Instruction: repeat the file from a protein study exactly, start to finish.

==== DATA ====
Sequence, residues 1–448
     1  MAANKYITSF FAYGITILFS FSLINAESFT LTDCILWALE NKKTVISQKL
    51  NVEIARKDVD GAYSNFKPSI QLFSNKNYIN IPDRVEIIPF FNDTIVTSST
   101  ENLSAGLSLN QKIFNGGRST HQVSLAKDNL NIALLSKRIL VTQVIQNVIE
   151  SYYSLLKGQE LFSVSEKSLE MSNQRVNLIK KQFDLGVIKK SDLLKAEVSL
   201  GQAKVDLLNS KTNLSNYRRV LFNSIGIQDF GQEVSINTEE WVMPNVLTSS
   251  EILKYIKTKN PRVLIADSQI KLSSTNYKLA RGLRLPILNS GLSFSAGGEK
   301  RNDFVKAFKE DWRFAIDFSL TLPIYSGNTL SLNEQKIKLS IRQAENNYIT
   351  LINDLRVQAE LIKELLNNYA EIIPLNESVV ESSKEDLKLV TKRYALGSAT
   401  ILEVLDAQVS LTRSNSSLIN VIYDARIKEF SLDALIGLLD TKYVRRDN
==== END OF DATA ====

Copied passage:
Sequence, residues 1–448
     1  MAANKYITSF FAYGITILFS FSLINAESFT LTDCILWALE NKKTVISQKL
    51  NVEIARKDVD GAYSNFKPSI QLFSNKNYIN IPDRVEIIPF FNDTIVTSST
   101  ENLSAGLSLN QKIFNGGRST HQVSLAKDNL NIALLSKRIL VTQVIQNVIE
   151  SYYSLLKGQE LFSVSEKSLE MSNQRVNLIK KQFDLGVIKK SDLLKAEVSL
   201  GQAKVDLLNS KTNLSNYRRV LFNSIGIQDF GQEVSINTEE WVMPNVLTSS
   251  EILKYIKTKN PRVLIADSQI KLSSTNYKLA RGLRLPILNS GLSFSAGGEK
   301  RNDFVKAFKE DWRFAIDFSL TLPIYSGNTL SLNEQKIKLS IRQAENNYIT
   351  LINDLRVQAE LIKELLNNYA EIIPLNESVV ESSKEDLKLV TKRYALGSAT
   401  ILEVLDAQVS LTRSNSSLIN VIYDARIKEF SLDALIGLLD TKYVRRDN